I have a mild dislike for people who attempt to ferret out my likes and dislikes by posing these kinds of substitutiary "moral dilemma" questions. My feeling is that they should grow a pair and ask the hard question directly, providing specifics of the situation, rather than playing dumbass "would you still like me if" games.

My answer to the question that I think TFA would have asked if it wasn't pussyfooting around so much is this: the school has an obligation to the student and his family to act in "loco parentis" (look it up). If the school has banned MySpace, then providing a mechanism for students to get around that ban is equivalent to assisting a kid who has been grounded by his parents in slipping out the back door. I would want to know if the school's action was blocking all student access to certain web sites (constituting undue censorship) or simply causing students the inconvenience of having to wait until they got home or to the library or a cybercafe before they could satisfy their MySpace habit. Unless the case for undue censorship could be made, I would think that anyone assisting students in getting around the school's ban was a jerk. If there is a censorship issue, I would think that anyone profiting from the situation was reprehensible jerk.

That's just my opinion. There are a lot of BG idolizers on slashdot so I'm sure there are a lot of alternate opinions.

Re:Mod parent up, please (0, Offtopic)

UnknownSoldier (67820) | more than 7 years ago | (#18053066)

> For example, the last 20 odd years have shown that a man who is not ethically or morally encumbered can become the richest person on Earth.

With that attitude you'll never be rich! Wealth has nothing to with morals, but attitude, and application. Money is just a tool to be used.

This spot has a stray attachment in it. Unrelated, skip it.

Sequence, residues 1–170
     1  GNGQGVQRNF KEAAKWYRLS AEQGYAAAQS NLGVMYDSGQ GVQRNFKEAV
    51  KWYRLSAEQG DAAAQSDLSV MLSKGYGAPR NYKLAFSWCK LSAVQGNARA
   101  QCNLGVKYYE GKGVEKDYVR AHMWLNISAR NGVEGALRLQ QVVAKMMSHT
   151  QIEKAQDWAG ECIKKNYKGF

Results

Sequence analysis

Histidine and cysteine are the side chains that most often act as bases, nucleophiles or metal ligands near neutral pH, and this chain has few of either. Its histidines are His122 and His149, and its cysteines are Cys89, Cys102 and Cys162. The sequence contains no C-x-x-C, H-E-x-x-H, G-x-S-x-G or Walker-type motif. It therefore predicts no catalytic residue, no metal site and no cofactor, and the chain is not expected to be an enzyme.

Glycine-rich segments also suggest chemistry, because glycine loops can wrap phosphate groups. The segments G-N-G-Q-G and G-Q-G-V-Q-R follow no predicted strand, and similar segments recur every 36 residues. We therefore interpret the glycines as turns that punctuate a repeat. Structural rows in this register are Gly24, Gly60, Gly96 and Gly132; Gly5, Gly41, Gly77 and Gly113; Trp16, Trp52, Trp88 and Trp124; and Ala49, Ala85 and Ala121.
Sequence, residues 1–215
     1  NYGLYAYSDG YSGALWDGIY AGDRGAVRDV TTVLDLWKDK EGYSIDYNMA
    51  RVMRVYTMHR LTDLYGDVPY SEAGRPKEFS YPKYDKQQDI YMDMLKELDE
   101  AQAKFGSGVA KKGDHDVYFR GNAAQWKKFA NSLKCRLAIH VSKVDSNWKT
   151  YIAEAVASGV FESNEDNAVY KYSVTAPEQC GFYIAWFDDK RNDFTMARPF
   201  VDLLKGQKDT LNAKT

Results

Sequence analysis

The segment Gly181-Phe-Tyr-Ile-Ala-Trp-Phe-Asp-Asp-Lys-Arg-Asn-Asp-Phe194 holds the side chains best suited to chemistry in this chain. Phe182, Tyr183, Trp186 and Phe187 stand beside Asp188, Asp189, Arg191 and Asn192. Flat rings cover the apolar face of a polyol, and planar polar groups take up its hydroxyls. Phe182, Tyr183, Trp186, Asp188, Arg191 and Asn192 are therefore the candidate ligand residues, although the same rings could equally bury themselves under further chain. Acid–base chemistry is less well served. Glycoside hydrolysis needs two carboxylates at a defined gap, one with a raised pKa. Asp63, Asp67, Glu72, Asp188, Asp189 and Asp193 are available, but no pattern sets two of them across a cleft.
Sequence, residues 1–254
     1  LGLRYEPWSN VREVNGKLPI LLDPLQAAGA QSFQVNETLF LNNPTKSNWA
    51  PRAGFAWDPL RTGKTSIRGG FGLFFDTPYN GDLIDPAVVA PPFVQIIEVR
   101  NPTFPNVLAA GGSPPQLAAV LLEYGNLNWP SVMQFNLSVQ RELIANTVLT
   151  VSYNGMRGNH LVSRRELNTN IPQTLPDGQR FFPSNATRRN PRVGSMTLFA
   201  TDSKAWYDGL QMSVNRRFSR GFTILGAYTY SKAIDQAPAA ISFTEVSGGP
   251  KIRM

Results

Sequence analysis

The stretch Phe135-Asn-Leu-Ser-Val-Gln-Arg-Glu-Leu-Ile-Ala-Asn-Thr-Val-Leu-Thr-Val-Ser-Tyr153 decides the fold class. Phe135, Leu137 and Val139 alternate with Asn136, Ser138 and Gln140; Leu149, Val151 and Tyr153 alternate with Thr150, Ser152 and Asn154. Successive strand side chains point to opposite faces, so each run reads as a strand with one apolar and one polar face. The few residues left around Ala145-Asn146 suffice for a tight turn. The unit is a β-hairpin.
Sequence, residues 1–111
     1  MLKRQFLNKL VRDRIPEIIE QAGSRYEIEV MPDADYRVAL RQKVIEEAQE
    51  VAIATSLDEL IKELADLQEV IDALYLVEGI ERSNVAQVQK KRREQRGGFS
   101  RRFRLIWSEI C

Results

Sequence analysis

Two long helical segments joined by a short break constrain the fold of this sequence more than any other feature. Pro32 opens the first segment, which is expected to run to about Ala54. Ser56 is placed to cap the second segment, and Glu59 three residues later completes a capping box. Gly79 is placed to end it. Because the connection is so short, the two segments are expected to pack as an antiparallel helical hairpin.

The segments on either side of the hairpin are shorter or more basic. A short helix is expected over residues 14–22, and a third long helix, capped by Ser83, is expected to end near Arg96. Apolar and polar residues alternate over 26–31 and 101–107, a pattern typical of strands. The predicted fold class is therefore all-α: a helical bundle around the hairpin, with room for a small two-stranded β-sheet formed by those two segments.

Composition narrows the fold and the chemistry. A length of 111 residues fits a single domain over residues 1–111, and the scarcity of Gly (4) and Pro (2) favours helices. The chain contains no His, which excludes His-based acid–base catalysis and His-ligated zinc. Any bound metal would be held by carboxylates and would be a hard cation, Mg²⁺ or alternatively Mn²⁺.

Why is it that the poor always complain about the rich not having morals?

Get off your ass and DO something about it, instead of whining about it, like learning about "The Power of Association" and hanging around with wealthy people. The universe has anything you could want in abundance; stop falling for the lie of "artificial scarcity."

--
A house is NOT an asset, if its costing you money to own it!

Boarding schools? (2, Insightful)

tepples (727027) | more than 7 years ago | (#18053140)

I would want to know if the school's action was blocking all student access to certain web sites (constituting undue censorship) or simply causing students the inconvenience of having to wait until they got home
In some schools, the students can go home only every six weeks if that often. On-campus housing is more common at universities, but some K-12 schools do operate this way. Is there a way for a given high school student's parent to override this block?

or to the library
Some of these proposed bans apply to school libraries and to public libraries as well.

Re:Mod parent up, please (0)

Anonymous Coward | more than 7 years ago | (#18053210)

If I was in my school, I couldn't read this because it has the WORD proxy used. I couldn't read this site because it allows non-premoderated comments. Practically all free website hosts are blocked, as is almost anything to do with gaming or basic computing principles.

Re:Mod parent up, please (1)

RH_Jesus_Freak40 (939635) | more than 7 years ago | (#18054106)